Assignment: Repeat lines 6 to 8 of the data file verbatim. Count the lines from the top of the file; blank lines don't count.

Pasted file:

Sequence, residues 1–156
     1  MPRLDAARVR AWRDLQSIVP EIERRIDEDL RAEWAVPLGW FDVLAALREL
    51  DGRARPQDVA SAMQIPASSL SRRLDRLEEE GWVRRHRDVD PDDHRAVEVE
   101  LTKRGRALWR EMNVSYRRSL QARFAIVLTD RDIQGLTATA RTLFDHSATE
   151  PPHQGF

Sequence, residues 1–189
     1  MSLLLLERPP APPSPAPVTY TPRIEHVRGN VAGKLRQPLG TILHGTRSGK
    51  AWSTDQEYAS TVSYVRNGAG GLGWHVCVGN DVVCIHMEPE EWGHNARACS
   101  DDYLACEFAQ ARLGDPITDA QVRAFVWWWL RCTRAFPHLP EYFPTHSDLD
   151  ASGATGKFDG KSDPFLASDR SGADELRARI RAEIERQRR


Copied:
Sequence, residues 1–189
     1  MSLLLLERPP APPSPAPVTY TPRIEHVRGN VAGKLRQPLG TILHGTRSGK
    51  AWSTDQEYAS TVSYVRNGAG GLGWHVCVGN DVVCIHMEPE EWGHNARACS